Third Sunday Ordinary Time Mass and Reflections

Scripture readings for Sunday's Mass are here

 Jesus Unrolls The Book In The Synagogue 
by James Tissot  Image source

Extract from The Second Reading of St Paul to The Corinthians 

 "Brothers and sisters:
As a body is one though it has many parts,
and all the parts of the body, though many, are one body,
so also Christ.
For in one Spirit we were all baptized into one body,
whether Jews or Greeks, slaves or free persons,
and we were all given to drink of one Spirit."

 Extract from St Luke's Gospel

 "Jesus returned to Galilee in the power of the Spirit,
and news of him spread throughout the whole region.
He taught in their synagogues and was praised by all.

He came to Nazareth, where he had grown up,
and went according to his custom
into the synagogue on the sabbath day.

He stood up to read and was handed a scroll of the prophet Isaiah.
He unrolled the scroll and found the passage where it was written:

The Spirit of the Lord is upon me,
because he has anointed me
to bring glad tidings to the poor.
He has sent me to proclaim liberty to captives
and recovery of sight to the blind,
to let the oppressed go free,
and to proclaim a year acceptable to the Lord.

Rolling up the scroll, he handed it back to the attendant and sat down,
and the eyes of all in the synagogue looked intently at him.

He said to them,
“Today this Scripture passage is fulfilled in your hearing.”


  • Various reflections from St Louis University Centre For Liturgy here.

  • Why Jesus' reading of the Old Testament was so radical from here.

  • Gospel Reflection from Iglesia Descalza blogsite here.

"Moreover, note what St Paul does, and does not, say. He does not say: Just as the body is a unity made up of different parts, so too is the Church. Instead he says: So it is with CHRIST. ‘
Just as the body is one and has many members, and all the members of the body, though many, are one body, so it is with CHRIST’ (12:12). We are not baptised into an organisation that happens to be structured rather like a human body. We are baptised into CHRIST.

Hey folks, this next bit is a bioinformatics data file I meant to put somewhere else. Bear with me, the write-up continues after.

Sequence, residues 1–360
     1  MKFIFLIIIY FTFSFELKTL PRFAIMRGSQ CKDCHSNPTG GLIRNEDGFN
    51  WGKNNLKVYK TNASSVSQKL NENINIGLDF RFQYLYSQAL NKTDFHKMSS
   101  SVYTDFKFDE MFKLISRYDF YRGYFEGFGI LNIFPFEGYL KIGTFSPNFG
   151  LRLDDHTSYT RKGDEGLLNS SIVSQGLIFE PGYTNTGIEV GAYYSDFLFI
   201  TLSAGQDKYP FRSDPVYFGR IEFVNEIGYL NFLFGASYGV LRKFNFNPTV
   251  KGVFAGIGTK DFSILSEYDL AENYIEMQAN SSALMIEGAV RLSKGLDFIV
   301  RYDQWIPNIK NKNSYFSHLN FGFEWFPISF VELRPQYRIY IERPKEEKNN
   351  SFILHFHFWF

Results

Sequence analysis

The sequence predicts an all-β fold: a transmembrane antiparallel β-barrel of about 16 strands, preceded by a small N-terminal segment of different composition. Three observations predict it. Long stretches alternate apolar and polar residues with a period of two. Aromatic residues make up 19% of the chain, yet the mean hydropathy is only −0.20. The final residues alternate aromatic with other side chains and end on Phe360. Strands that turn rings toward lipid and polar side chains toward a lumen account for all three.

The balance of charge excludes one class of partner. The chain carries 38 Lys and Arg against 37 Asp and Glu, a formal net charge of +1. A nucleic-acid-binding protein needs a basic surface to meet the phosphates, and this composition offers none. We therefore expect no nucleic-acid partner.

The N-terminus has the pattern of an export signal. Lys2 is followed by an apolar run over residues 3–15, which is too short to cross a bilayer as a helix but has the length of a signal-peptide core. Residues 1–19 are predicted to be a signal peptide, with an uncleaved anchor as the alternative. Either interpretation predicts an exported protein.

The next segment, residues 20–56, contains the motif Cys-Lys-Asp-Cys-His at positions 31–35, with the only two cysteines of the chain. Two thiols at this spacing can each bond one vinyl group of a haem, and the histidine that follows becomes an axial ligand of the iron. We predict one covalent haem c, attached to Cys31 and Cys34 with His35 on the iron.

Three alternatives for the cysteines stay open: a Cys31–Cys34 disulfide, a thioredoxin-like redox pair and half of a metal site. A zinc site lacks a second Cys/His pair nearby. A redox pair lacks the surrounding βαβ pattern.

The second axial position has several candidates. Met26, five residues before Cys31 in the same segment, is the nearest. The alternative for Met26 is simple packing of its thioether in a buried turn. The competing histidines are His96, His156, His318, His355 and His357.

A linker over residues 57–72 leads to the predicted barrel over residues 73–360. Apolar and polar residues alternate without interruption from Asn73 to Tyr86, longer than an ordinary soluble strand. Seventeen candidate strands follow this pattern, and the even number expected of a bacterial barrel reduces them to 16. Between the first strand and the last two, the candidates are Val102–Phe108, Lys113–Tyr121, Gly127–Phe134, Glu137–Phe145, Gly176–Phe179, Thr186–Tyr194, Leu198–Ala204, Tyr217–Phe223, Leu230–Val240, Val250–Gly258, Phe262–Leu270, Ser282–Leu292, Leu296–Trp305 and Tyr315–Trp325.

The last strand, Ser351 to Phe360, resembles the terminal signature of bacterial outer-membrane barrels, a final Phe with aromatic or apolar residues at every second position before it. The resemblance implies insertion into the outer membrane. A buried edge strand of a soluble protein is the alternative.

Underlying what Paul says here is the profound reality of the Incarnation: God taking on human flesh. The Word was made flesh. We are baptised into the Word made flesh.
Here St Paul joins hands with Matthew and John, who both have their own different ways of stating the same profound truth. Matthew has the parable of the Sheep and the Goats, where Jesus says: ‘Inasmuch as you did this to one of the least of these, you did it to me’. 
And in St John’s gospel, at the Last Supper, Jesus says: ‘I am the vine, you are the branches’. Words such as these lead us into the heart of the mystery of God made man. They help us to see ourselves and one another as we truly are, in Christ."

 I have posted on this story elsewhere on my blog and it fits well with today's reflections on the readings so here it is again. 

Reading it today, it has so much in it, and brings home to me forcefully the awesome gift of the presence of Christ in Eucharist that we receive and share when we come together as a community.

Our Lord Jesus Christ
Painting by James Tissot  Wikipedia)

The Rabbi's Gift

A famous monastery had fallen on hard times. Formerly its many buildings were filled with young monks, but now it was all but deserted.

 People no longer came there to be nourished by prayer, and only a handful of old monks shuffled through the cloisters serving God with heavy hearts.